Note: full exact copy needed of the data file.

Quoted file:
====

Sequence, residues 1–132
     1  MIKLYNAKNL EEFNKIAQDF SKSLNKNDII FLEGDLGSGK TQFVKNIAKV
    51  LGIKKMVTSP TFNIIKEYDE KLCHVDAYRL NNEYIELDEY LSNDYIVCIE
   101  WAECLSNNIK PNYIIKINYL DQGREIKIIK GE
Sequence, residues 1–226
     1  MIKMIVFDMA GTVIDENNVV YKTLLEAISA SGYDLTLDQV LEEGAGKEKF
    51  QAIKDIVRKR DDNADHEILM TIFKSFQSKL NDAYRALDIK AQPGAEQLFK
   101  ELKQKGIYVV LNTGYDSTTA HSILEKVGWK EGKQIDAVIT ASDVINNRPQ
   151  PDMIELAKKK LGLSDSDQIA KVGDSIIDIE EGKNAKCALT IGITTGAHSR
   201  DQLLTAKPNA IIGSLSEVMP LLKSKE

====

Sequence, residues 1–132
     1  MIKLYNAKNL EEFNKIAQDF SKSLNKNDII FLEGDLGSGK TQFVKNIAKV
    51  LGIKKMVTSP TFNIIKEYDE KLCHVDAYRL NNEYIELDEY LSNDYIVCIE
   101  WAECLSNNIK PNYIIKINYL DQGREIKIIK GE
Sequence, residues 1–226
     1  MIKMIVFDMA GTVIDENNVV YKTLLEAISA SGYDLTLDQV LEEGAGKEKF
    51  QAIKDIVRKR DDNADHEILM TIFKSFQSKL NDAYRALDIK AQPGAEQLFK
   101  ELKQKGIYVV LNTGYDSTTA HSILEKVGWK EGKQIDAVIT ASDVINNRPQ
   151  PDMIELAKKK LGLSDSDQIA KVGDSIIDIE EGKNAKCALT IGITTGAHSR
   201  DQLLTAKPNA IIGSLSEVMP LLKSKE